There is excellent coverage in the local papers this week regarding a Tusk found on the shore at Louisa Bay Broadstairs which will invite many debatable theories to its origin and how it got there.
I do have my own theory and looking at the picture I would agree it is an Elephant Tusk, my second thoughts are that it would have been part of a general cargo, perhaps lost overboard from a trading ship in the days of sail. There have been other finds and there are incidents in living memory where fishermen have brought up tusks off the sea bed in their nets around the Kent coast. So such a shipwreck theory cannot be ruled out.
There are records of ships coming ashore around the Kent coast carrying Tusks, for example the "Andorinha" that came ashore at Deal in 1849 had an entire cargo of Tusks.
Looking closer to Broadstairs and where the Tusk was found there is an account of the sailing ship "Emanuel" being stranded in that area on the 2nd December 1794.
Research shows that the "Emanuel" was on route from Mogadore to Amsterdam. Mogodore is the old name for the more commonly known port of Eassaouria in Morroco which two hundred years ago was a thriving trading port with Europe. So working on the theory any trade with a North African port would have included the Tusks, this does add weight to the theory and it is a long shot but there could be a link with the “Emanuel” and the Tusk.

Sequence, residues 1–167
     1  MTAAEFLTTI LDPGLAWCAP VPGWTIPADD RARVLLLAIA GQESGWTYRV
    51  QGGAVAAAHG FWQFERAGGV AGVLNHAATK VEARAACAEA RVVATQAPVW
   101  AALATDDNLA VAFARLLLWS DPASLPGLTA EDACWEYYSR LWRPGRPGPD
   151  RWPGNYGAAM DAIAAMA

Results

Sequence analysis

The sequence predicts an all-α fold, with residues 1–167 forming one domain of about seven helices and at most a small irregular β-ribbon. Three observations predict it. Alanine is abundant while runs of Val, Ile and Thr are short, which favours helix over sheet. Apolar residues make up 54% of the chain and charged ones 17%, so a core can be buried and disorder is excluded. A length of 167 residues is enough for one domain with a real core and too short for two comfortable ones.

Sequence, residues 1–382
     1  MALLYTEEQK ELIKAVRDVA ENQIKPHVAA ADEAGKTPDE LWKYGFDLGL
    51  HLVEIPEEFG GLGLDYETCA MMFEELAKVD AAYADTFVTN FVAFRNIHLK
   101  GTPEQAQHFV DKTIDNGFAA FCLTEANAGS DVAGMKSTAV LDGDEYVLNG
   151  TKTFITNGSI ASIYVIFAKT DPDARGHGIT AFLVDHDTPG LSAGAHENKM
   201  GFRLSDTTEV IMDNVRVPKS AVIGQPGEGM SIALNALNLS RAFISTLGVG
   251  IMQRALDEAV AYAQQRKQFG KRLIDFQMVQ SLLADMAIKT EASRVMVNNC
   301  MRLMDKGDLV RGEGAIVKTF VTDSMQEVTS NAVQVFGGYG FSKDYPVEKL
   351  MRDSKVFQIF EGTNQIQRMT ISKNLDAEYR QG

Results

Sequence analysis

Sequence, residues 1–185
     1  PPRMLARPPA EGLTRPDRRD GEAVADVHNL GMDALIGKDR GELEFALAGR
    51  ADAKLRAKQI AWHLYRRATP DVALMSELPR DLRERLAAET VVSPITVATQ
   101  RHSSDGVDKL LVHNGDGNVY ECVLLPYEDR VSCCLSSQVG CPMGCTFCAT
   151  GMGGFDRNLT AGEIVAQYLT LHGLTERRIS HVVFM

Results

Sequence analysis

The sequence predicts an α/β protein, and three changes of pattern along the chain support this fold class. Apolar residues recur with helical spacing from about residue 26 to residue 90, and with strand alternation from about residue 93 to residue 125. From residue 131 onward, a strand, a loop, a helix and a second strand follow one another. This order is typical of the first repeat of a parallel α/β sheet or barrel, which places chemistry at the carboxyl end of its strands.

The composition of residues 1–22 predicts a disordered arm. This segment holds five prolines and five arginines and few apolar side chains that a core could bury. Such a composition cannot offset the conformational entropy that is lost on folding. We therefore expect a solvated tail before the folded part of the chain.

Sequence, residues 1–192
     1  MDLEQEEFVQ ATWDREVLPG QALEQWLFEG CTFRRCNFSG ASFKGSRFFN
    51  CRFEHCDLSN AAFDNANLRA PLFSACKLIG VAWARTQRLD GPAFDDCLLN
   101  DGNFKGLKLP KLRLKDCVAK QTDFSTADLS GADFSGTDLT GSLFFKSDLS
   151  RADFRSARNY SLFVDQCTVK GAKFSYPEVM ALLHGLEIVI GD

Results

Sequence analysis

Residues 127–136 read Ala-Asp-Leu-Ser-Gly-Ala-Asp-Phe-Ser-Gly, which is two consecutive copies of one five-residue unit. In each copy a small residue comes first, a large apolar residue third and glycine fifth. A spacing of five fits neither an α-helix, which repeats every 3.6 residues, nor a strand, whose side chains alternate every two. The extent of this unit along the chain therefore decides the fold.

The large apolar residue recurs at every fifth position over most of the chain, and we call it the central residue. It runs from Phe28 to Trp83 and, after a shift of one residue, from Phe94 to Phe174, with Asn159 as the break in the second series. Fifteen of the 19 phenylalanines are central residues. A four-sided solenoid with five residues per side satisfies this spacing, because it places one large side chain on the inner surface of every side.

Considering that the low tides we have been having lately have been exceptional there is every possibility there could be more further out.
One of the best references for researching any ship lost or stranded off the Thanet coastline is the Shipwreck Index of the British Isles Volume two by Richard & Bridget Larn. Section four covers all the details of inshore wrecks lost under the heading Kent mainland, listing in most cases the Lloyds list reference or Board of Trade wreck return ideal references for further research. The "Emanuel" is Lloyds list 2,669 02.12.1794 (tue)(R).